• ch2024 Apr 16, 3:22 p.m.

    What McCrory is really saying is, "I have proposed legislation (cough, I know it will not be effective or adhered to) for all of my constituents (cough, now re-elect me when it is time) so it is up to my colleagues to push it through and make sure it is implemented (cough, I have known this has been going on but I am washing my hands of this so Duke can stick it to paying citizens and it will not affect my stock in Duke).

    What a load of bull. McCrory does't care about this other than being implicated in any way. The laws and regulations in place now were avoided so I will believe it when I see it.

  • bobbruck Apr 16, 3:11 p.m.

    Sophomoric- an interesting choice of words. A term that fits well with the GOP juggernaut running the fair State of North Carolina right now.

  • 42 Apr 16, 3:03 p.m.

    "That language is stated to make very clear that we're going to do the right science and engineering on each of the ponds," Skvarla said.

    Anyone who took a sophomore class in BS knows "do the right thing" translates to "do the cheapest thing".

  • rduwxboy Apr 16, 2:59 p.m.

    The Governor wants legislation now? Of course he does. I bet he said it with a shaved head, his pinky finger in his mouth, and a furry white cat on his lap while some spooky music played in the background.

  • Goalieman Apr 16, 2:58 p.m.

    I thought I read in the past that McCrory is the one that eased the regulations on how it would be handled. Now, since this mishap, he is trying to cover it up?...Really?!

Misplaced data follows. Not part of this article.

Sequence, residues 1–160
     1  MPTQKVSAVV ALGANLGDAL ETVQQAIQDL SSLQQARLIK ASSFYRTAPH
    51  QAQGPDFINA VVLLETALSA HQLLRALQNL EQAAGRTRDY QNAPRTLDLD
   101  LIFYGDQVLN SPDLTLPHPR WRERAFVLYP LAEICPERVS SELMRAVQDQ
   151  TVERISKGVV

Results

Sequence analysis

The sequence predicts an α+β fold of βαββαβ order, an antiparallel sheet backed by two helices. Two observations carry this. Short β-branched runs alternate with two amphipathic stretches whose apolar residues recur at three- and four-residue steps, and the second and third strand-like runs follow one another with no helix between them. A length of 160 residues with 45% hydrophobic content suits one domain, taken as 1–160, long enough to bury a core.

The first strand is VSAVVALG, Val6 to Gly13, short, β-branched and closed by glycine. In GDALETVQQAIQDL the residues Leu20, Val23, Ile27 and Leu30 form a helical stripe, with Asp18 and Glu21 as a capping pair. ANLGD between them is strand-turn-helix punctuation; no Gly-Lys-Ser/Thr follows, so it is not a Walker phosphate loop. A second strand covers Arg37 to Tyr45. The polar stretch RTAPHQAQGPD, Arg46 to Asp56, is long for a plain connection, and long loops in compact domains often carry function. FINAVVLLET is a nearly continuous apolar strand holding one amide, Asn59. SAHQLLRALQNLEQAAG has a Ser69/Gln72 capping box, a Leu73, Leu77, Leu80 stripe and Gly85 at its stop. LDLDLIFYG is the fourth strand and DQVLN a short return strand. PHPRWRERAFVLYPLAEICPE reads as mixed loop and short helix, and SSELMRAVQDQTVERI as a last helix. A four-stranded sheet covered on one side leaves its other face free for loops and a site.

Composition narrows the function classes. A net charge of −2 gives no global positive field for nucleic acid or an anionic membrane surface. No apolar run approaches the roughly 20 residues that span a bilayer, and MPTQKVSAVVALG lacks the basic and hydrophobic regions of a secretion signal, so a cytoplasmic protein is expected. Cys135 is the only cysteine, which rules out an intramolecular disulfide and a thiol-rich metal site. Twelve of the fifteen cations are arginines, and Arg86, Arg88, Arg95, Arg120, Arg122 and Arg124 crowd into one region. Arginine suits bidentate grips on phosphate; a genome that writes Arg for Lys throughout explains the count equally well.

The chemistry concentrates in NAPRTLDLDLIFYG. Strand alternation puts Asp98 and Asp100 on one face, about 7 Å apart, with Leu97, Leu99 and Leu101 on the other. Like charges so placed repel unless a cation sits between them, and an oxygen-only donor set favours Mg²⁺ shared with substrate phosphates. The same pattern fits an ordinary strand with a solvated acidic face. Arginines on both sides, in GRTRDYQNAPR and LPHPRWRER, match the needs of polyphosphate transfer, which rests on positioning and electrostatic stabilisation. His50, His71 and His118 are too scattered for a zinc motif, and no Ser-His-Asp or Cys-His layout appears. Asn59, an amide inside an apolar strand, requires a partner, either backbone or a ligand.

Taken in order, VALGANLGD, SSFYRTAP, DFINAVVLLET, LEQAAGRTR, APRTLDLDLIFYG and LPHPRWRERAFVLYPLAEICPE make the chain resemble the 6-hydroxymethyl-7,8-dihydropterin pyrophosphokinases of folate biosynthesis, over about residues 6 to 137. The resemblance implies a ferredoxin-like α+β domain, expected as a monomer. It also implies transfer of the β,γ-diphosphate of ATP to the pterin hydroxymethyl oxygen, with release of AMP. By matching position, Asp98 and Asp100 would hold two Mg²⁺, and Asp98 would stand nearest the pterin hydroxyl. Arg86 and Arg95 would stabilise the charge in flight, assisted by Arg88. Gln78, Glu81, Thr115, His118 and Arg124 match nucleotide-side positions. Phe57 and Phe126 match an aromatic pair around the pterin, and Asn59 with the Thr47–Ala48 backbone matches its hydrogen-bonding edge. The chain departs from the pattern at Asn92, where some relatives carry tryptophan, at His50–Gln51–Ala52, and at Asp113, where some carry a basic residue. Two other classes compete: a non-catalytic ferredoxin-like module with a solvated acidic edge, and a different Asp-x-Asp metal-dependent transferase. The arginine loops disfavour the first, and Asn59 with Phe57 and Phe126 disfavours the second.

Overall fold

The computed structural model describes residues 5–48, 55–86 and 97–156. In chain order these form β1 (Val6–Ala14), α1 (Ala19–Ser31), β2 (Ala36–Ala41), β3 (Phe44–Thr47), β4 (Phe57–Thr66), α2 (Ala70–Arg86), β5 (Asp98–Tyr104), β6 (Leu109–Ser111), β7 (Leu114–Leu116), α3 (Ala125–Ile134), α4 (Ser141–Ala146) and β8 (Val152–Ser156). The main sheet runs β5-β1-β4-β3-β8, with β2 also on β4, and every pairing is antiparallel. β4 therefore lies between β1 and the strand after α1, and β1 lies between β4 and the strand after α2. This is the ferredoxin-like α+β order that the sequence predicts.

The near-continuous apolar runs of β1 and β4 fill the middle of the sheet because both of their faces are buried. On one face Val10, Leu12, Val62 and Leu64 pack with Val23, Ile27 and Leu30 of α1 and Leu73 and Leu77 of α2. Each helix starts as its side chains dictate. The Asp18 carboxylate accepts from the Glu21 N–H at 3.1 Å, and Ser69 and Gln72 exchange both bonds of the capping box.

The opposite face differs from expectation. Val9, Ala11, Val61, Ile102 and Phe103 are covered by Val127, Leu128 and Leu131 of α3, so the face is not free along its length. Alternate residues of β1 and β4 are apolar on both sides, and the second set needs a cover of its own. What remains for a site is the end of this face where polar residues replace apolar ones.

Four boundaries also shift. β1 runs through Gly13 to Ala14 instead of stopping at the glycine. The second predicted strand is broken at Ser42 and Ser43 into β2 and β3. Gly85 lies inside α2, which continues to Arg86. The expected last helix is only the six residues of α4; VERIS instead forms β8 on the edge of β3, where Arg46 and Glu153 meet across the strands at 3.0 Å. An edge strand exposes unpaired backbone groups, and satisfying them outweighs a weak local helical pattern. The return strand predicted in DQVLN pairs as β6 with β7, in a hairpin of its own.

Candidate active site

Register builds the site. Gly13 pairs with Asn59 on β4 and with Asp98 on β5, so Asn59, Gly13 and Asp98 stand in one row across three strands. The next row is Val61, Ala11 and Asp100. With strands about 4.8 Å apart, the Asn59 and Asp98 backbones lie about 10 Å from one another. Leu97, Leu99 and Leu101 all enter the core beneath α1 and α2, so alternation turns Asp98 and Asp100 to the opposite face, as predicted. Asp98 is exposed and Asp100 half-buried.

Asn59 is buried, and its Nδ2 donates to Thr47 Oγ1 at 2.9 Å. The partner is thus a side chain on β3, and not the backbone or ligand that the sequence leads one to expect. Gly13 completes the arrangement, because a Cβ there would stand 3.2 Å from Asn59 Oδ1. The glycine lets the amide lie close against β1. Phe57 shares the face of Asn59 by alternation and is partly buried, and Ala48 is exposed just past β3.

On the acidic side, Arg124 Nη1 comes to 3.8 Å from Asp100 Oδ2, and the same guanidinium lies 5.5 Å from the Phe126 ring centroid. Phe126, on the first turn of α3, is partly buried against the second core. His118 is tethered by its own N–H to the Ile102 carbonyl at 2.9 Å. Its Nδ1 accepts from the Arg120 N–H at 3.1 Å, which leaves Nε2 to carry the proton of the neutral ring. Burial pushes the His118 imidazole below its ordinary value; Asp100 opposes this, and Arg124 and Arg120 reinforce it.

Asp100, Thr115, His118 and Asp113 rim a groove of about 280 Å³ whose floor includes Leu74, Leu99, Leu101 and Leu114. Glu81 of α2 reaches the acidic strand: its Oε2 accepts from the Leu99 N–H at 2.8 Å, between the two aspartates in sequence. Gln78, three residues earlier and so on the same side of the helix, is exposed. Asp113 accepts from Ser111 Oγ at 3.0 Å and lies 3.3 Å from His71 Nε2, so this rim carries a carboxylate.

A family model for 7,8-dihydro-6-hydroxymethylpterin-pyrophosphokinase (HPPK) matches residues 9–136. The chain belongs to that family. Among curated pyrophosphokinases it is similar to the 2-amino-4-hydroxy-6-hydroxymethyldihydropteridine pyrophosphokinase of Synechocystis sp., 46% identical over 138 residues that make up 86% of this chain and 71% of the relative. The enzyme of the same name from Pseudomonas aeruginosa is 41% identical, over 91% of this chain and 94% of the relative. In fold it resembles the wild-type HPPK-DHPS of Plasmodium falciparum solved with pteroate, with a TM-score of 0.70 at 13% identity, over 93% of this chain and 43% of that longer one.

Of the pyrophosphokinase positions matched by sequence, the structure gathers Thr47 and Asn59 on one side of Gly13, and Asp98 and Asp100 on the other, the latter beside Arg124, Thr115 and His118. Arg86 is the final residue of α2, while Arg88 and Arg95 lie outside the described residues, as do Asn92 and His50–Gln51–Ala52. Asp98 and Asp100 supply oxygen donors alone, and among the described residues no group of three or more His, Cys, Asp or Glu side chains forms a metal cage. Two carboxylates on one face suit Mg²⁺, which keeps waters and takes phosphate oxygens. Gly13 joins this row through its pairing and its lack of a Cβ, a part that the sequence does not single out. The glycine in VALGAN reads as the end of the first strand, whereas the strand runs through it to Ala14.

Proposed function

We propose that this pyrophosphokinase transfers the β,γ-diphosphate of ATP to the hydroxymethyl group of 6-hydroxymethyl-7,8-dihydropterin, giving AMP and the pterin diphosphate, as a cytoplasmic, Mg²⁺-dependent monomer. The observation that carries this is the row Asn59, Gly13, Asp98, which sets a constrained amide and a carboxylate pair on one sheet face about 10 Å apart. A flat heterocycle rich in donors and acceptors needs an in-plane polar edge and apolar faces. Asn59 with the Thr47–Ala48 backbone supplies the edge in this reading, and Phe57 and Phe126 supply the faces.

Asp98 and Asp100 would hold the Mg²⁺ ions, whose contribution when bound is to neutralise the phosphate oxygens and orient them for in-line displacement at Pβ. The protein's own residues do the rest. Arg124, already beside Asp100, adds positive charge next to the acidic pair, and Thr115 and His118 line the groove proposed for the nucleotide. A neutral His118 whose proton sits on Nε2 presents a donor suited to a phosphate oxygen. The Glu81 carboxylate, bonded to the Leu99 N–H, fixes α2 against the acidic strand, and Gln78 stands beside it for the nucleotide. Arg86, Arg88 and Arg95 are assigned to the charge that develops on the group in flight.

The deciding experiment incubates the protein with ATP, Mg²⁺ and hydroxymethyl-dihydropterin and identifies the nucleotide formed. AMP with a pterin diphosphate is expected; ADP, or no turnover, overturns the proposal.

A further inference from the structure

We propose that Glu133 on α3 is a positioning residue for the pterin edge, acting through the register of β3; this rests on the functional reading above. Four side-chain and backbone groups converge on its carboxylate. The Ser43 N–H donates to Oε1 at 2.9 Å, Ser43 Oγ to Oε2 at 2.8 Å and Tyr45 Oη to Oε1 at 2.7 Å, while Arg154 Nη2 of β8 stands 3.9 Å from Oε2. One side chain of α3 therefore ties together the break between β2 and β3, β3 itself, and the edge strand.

• westernwake1 Apr 16, 2:53 p.m.

    The proposal is weak but moves in the right direction. The real problem is that any proposal that does not include draining the coal ash ponds and moving the toxic material to lined landfills - is a failure for the citizens of North Carolina.

  • disgusted2010 Apr 16, 2:49 p.m.

    Just a smokescreen to try to head off EPA. McCrory still works for his corporate master.

  • Local Native Apr 16, 2:43 p.m.

    While all this legislative action is days late and dollars short....has anyone seen any information about that latest spill that tells us poor old Duke Customers and state tax payers if waters downstream from that 39K ton spill is safe for recreation of any kind this summer...ie the river, Kerr Lake, Lake Gaston etc.????????????

  • Gork Apr 16, 2:40 p.m.

    Why don't we just cut the baloney and let Duke write the legislation themselves so Pat can go mow Art's grass or whatever?

  • dwr1964 Apr 16, 2:37 p.m.

    Sell it to Halliburton and Schlumberger. They use it by the tons.

  • recontwice Apr 16, 2:33 p.m.

    No requirement to do anything worthwhile or helpful!Another mc croty/skarva sellout to duke!Nothing but a pr move!!

  • krimson Apr 16, 2:31 p.m.

    So a former employee of Duke, who wants to let them off easy, proposes legislation to effectively regulate??? HAHAHAHAHAHAHA!!!

  • electrosoundwave Apr 16, 2:27 p.m.

    Right, sure. I'll believe it when I see it

  • jellybiscuit Apr 16, 2:24 p.m.

    Science and engineering? Skarva must not have gotten the memo. Sure, corporations use it to make their billions, but mentioning it in public as if it was something other than voodoo fabricated by environmentalists is quite a blunder.

    BTW, why is McCrory getting credited for this? I'm quite confident that he didn't originate it.